What Amazon is doing may well cause their users to vote with their feet; other online retailers exist, and authors – and indeed, publishers – have other distribution options.

Michael (profile) says:

I’m not entirely sure on this one – Amazon’s response to the accusations is important.

The shipping times are because the books are going out of stock – should we be blaming Amazon for not restocking their warehouses during a dispute with the publisher?

The pricing – the article has authors complaining that the Amazon discount is only 10%. Well, if the publisher priced it correctly from the beginning, wouldn’t a 10% discount be good?

And then there is the complaints about Amazon recommending similar books that are lower priced – this may simply be a result of them not discounting them as much which could be a result of the publisher demanding more money. Amazon has had lower priced alternative ads for awhile now.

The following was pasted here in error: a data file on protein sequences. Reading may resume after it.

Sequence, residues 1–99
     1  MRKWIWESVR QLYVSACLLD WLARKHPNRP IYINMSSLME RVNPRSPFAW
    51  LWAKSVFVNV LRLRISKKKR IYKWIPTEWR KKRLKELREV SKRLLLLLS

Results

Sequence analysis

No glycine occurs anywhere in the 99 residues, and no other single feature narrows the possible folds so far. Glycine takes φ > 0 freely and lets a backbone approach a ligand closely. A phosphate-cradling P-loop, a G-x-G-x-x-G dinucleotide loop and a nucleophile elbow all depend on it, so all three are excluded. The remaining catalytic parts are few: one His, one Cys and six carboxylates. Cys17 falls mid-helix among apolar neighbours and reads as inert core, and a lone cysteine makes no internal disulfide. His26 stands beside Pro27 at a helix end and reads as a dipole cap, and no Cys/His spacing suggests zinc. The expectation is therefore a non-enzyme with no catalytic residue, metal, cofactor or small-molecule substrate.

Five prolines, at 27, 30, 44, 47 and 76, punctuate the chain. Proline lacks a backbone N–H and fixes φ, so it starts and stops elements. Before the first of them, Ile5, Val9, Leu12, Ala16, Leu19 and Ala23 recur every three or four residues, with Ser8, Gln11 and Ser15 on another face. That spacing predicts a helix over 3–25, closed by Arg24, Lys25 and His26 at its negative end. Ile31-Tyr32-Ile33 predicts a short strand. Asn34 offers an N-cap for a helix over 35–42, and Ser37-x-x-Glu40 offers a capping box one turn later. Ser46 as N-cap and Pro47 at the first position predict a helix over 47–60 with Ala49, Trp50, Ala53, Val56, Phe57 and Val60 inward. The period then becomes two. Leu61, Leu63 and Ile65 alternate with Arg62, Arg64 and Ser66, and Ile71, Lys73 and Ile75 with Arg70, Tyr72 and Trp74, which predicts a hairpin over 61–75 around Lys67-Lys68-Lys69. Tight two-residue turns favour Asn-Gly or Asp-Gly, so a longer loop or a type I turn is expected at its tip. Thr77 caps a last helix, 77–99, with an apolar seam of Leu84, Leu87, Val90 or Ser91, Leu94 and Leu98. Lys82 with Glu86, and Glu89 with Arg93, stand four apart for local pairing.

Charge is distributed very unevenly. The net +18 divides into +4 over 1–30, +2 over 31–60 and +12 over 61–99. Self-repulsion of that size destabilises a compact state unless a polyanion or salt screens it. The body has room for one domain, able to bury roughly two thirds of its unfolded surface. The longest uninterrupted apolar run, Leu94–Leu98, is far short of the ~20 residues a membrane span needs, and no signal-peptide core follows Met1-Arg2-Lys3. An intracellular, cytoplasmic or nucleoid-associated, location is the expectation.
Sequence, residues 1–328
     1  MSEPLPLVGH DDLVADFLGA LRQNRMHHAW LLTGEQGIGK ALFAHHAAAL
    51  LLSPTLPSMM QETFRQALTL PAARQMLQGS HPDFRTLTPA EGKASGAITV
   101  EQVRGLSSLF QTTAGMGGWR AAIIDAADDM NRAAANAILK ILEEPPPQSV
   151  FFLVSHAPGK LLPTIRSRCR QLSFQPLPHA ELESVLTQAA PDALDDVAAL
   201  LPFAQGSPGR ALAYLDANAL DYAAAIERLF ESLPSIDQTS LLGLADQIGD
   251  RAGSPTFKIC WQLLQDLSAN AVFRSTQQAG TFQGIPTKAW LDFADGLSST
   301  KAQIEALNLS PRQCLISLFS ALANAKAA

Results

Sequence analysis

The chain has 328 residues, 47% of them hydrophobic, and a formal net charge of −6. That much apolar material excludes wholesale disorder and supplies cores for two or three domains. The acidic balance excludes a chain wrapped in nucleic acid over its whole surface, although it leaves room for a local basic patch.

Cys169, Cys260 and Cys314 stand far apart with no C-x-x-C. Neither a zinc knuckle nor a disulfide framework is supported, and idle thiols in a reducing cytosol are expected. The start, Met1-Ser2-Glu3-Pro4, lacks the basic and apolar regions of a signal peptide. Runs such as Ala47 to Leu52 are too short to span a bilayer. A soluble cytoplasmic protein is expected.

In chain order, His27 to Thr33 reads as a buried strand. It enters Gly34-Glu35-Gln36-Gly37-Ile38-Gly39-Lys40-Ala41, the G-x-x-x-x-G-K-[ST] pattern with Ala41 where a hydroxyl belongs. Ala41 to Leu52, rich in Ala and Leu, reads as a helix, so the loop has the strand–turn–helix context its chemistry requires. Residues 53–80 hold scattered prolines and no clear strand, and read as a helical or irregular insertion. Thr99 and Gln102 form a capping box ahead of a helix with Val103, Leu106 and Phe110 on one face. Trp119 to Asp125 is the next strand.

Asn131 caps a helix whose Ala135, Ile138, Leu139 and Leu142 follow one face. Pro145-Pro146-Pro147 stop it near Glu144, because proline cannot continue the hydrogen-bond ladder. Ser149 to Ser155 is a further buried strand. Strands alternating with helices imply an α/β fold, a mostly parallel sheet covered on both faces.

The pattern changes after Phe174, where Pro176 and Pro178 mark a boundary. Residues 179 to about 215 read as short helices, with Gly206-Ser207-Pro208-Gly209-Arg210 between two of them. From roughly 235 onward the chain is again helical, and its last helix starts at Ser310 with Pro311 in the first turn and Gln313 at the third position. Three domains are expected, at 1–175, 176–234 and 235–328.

So, at least some of this is reasonably likely to be the fault of the publishers just as much as Amazon. I think we need to watch more to find out.

Michael (profile) says:

Re: Re: Re:

It isn’t. It’s not even exclusive to their book sales. I think it feels ramped up for this publisher because their book prices have gone up because of the negotiations – and I am not sure that it because Amazon decided to just jack up the prices as leverage or if it is because they are currently contractually obligated to pay the publisher more.

benthic (profile) says:

Please Explain to me . . .

How this HARMS customers. They are given the price of the book, a suggestion is made that they purchase something else instead and then BEFORE the order is complete, they are told to expect long shipping times.

Maybe I’m blind but no where in there is the customer “Harmed”.

Is any of this keeping the customer from say, going over to the Barnes and Noble website and buying the same book?

Nope.

Is it keeping them from going to a local bookstore and buying said book?

Nope.

Are they stating a price on the book web page and then charging a different price during check out?

Nope.

Are they letting the customer purchase the book first and THEN telling them of the shipping delay?